Europeans first settled Cades Cove in 1818. Before their arrival, Cades Cove as part of Cherokee Nation, who called the Cove, Tsiyaha or "place of the river otter." Cherokee Indians never lived in the Cove, but used the land as its summer hunting ground for river otters, elk and bison.

In the early 1800's, Cherokee Indians began a period of change. The Cherokee Nation was established with a democratic government composed of a Chief, Vice-Chief, and 32 Council Members who were elected by the members of the tribe. A constitution and code of law were implemented for the nation. In 1808, Sequoyah, a Cherokee silversmith, invented a system for writing the Cherokee Indians language and within two years, almost all of the Cherokee's could read and write. The Cherokee Council passed a resolution to establish a newspaper for their nation. A printing press was ordered, the type cast for the Cherokee syllabary, and the Cherokee Phoenix was in business.

REMOVAL:

Unfortunately, the Cherokee Indians did not enjoy prosperous times for long. With the discovery of gold on Cherokee lands in 1828 and Andrew Jackson's 1830 Removal Act, calling for the relocation of all native peoples east of the Mississippi River to Oklahoma, the U. S. government forced the Cherokees from their homes in 1838. Almost 14,000 Cherokees began the trek westward in October of 1838. More than 4,000 died from cold, hunger, and disease during the six-month journey that came to be known as the "Trail of Tears." Altogether, about 100,000 natives, including Cherokee, Chickasaw, Seminole and Choctaw survived the journey.

A few Cherokees refused to move and hid among the wilderness of the Great Smoky Mountains, avoiding the army and authorities. These Cherokees, now called the Eastern Band, were allowed to claim some of their lands in western North Carolina in the 1870's. In 1889, this 56,000 acre sect of land was chartered and is now called the Qualla Indian Reservation, home to almost 11,000 descendents.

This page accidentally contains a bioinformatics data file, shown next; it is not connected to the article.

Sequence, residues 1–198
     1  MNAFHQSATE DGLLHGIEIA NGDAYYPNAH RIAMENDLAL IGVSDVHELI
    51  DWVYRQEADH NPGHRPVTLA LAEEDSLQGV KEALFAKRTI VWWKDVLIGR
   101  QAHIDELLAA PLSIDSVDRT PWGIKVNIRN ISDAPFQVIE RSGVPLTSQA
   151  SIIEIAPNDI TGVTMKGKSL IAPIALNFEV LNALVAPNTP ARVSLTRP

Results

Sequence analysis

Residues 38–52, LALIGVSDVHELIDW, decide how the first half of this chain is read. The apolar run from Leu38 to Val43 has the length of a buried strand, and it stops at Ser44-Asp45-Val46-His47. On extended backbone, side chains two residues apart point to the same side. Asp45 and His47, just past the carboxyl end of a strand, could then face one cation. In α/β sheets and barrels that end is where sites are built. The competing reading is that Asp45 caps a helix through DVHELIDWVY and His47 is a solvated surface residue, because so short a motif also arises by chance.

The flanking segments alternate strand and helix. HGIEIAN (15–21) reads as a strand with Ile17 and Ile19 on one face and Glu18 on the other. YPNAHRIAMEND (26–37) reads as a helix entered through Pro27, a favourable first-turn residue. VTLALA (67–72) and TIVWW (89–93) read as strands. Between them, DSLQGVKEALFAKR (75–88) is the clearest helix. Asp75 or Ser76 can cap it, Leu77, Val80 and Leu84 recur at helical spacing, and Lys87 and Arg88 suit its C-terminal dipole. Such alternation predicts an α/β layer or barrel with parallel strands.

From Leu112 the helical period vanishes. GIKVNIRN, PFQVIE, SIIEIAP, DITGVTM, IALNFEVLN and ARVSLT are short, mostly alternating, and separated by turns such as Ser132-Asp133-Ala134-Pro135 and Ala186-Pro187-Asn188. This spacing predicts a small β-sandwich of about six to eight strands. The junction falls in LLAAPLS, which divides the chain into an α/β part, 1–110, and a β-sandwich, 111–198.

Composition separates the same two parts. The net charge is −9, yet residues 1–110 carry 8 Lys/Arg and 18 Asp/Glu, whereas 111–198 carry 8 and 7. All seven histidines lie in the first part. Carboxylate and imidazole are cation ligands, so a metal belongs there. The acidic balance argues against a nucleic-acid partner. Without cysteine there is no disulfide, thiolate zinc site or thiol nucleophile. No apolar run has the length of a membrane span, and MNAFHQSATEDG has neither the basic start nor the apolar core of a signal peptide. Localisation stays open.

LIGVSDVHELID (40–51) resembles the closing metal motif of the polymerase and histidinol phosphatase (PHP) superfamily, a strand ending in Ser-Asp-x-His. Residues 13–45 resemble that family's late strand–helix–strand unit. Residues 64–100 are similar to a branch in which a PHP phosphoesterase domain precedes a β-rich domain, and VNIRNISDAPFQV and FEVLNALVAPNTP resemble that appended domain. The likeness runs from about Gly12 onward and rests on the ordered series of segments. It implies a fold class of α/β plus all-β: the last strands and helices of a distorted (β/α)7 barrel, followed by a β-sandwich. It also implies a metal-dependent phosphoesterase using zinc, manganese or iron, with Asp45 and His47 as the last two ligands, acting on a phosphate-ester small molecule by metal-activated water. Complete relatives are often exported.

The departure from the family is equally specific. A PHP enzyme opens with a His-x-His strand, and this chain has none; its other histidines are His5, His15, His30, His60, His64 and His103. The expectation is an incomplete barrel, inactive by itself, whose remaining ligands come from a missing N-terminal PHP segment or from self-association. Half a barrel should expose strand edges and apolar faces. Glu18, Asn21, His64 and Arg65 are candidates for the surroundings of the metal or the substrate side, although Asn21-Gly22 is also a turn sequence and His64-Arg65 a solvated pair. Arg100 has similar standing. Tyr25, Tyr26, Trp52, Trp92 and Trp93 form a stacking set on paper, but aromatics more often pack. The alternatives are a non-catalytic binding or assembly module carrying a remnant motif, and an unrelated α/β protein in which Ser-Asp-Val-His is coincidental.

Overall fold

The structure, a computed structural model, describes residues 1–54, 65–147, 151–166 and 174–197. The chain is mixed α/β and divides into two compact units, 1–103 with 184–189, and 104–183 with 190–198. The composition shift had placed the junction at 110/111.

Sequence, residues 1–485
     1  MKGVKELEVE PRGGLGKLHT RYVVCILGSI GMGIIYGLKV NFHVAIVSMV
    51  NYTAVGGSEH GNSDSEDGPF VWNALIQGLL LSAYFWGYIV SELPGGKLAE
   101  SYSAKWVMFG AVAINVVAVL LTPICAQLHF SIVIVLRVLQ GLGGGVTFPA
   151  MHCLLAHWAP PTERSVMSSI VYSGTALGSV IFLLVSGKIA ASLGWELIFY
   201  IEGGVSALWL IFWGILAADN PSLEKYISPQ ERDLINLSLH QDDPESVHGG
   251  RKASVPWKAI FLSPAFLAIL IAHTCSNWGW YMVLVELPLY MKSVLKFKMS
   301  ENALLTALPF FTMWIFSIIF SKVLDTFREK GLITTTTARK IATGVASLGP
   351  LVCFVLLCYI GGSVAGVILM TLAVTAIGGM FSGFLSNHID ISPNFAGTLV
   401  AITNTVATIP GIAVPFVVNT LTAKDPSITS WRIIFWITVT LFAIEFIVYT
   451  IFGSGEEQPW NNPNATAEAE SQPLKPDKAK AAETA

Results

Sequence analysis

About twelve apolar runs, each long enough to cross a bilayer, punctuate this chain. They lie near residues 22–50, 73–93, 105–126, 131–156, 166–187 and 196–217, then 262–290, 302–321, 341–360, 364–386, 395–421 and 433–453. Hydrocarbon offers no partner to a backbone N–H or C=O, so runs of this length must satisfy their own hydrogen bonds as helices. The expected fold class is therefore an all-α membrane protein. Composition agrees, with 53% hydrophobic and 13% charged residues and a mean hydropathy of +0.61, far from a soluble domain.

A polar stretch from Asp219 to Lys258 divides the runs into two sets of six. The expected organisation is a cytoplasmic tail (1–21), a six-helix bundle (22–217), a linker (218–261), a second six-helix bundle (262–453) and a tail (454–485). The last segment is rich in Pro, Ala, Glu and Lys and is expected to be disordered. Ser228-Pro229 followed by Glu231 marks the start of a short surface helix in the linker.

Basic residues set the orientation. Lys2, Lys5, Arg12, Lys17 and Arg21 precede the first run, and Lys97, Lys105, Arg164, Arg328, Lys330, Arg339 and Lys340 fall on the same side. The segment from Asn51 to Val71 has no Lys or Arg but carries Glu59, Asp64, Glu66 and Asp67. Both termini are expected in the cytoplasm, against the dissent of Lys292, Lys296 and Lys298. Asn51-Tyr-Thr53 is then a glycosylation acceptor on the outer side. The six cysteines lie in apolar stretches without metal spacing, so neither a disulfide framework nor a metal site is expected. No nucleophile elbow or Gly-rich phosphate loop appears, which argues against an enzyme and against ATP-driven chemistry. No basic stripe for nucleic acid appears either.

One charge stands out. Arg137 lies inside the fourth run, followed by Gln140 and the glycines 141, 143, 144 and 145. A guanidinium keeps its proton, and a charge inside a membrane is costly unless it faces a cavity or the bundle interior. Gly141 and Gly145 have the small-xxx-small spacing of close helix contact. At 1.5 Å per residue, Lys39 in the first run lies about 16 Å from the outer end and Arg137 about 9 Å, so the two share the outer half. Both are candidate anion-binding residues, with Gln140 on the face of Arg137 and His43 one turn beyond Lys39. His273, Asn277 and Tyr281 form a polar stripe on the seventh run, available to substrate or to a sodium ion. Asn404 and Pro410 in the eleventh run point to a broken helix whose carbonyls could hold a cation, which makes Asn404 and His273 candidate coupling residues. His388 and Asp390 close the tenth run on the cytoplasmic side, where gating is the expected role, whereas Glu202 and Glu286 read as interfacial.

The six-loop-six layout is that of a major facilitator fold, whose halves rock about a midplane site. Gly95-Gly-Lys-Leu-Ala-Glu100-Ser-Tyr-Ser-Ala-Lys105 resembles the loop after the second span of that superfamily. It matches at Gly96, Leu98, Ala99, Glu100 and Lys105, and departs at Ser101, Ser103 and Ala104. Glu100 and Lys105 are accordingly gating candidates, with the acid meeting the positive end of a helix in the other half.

EASTERN AND WESTERN BANDS:

Prior to the "Trail of Tears," a small group of Cherokees in western North Carolina had already received permission to be excluded from the move west. Those individuals, often called the Oconaluftee Indians, did not live on Cherokee Nation land and considered themselves separate from the Cherokee Nation. Permission for the Oconaluftee Cherokee Indians to remain in North Carolina had been obtained in part through the efforts of William H. Thomas, a successful business man, who had grown up among the Cherokee Indians. For more than 30 years he served as their attorney and adviser.

To avoid jeopardizing their special status, the Oconaluftee Cherokees reluctantly assisted in the search for Cherokee Nation Indians who had fled to the mountains to avoid capture. Among those in hiding was Tsali who had become a hero to many Cherokees for his resistance to forced removal. Tsali was being sought because of his role in the deaths of several soldiers. To prevent further hardships for the Cherokees still in hiding, Tsali eventually agreed to surrender and face execution. Due in part to Tsali's sacrifice, many of those in hiding were eventually allowed to settle among the Cherokee Indians of western North Carolina. This was to be the beginning of the Eastern Band of Cherokees.

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214 Sharon Dr.
Seymour, TN 37865